we can make significant progress and develop adaptation strategies…”
In an effort to reduce the impacts of pollutants such as dioxins,
particulate matter and carbon monoxide and to limit the risks
of wildfires, the New York State Department of Environmental
Conservation (DEC) proposed in early May to extend a ban on
open burning statewide beyond the current ban for any municipality
with a population of 20,000, a law in effect since 1972.
Once considered harmless, DEC has reported that open burning
has been found to release more dangerous chemicals into the
air than thought generations ago. A recent study by the U.S.
Environmental Protection Agency, in conjunction with DEC and
the State Department of Health, found that emissions of dioxins
and furans from backyard burning alone were greater than all
other sources combined for the years 2002-04. The study also
found that burning trash emits arsenic, carbon monoxide, benzene,
styrene, formaldehyde, lead, hydrogen cyanide and other harmful
chemicals. Trash containing plastics, polystyrene, pressure-treated
and painted wood and bleached or colored papers can produce
harmful chemicals when burned.
In addition to releasing pollutants, open burning is the largest
single cause of wildfires in New York State such as that which
burned in the Minnewaska area earlier this Spring. Data from
DEC’s Forest Protection Division show that debris burning
accounted for about 40 percent of wildfires between 1986 and
2006 - more than twice the next most-cited source. The proposed
rule does allow for a number of exceptions, including camp fires,
prescribed burns, celebratory bonfires (where allowed), fire
training exercises, specialized burning to protect crops from
frostbite and burning of agricultural wastes (though not agricultural
plastics). The state is currently conducting a series of public
hearings on the proposal, including one at 5 PM on Tuesday,
June 24, 2008 at the Norrie Point Environmental Center in Staatsburg,
Staatsburg, two from 9:30 AM to noon and 5 to 8 PM on Wednesday,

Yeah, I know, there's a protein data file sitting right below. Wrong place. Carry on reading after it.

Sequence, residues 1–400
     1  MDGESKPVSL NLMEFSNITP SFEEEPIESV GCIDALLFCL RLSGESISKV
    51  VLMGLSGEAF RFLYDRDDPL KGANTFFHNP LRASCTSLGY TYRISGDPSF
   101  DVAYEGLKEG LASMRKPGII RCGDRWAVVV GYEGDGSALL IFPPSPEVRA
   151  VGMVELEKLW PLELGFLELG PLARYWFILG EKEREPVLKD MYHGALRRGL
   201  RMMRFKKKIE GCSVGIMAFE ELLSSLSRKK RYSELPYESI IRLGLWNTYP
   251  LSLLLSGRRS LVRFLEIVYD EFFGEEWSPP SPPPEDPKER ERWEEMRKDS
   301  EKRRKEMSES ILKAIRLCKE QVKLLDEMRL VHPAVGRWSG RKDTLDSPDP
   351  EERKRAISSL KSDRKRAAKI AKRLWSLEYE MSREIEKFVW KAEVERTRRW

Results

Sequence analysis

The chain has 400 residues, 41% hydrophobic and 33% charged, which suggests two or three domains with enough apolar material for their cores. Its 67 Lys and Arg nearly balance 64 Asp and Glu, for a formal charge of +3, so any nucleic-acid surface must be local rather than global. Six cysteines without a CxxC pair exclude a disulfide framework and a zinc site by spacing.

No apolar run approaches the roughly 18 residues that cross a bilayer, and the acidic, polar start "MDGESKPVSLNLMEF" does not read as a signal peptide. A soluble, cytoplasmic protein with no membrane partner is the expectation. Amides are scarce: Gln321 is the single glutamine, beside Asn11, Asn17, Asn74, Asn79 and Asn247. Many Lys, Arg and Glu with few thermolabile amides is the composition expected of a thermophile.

June 25, at DE’s Central Office, 625 Broadway, Public
Assembly Room 129, Albany, NY
A growing number of local residents in the Catskills have started
to vow a fight to protect their burn options… for trash
and “the protection of a lifestyle we’ve grown used
to,” according to Olive resident Rich Ostrander.
For more info visit www.dec.ny/gov.
Both measures come on the toes of the White House’s final
release of a report outlining climate change dangers on a national
basis, under court order and four years after it was first promised;
and new talk about “greening” industries becoming
a major force in the coming decades.
Longstanding Ulster County Democratic boss John Parete, the
owner of the Boiceville Inn who got his political start turning
Olive from Republican to Democrat nearly 40 years ago and now
has two sons on the Ulster County Legislature, is facing two
challengers for party dominance this summer. Former Ulster County
Assistant District Attorney Julian Schreibman, who ran for his
party’s nomination for County District Attorney last year,
announced his intention to seek Parete’s post this week,
joining former Democratic D.A. candidate Jonathan Sennett of
New Paltz, who announced earlier. A decision will be made in
Both former candidates stated last summer that they felt Parete,
who also serves as one of two county Elections Commissioners,